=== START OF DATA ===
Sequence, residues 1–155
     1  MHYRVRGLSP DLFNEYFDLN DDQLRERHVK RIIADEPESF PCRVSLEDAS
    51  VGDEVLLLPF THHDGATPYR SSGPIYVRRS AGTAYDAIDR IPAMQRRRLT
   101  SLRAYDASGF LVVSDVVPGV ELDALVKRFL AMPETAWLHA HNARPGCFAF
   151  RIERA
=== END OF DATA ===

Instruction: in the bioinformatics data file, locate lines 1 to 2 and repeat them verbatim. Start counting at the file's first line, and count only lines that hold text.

Sequence, residues 1–155
     1  MHYRVRGLSP DLFNEYFDLN DDQLRERHVK RIIADEPESF PCRVSLEDAS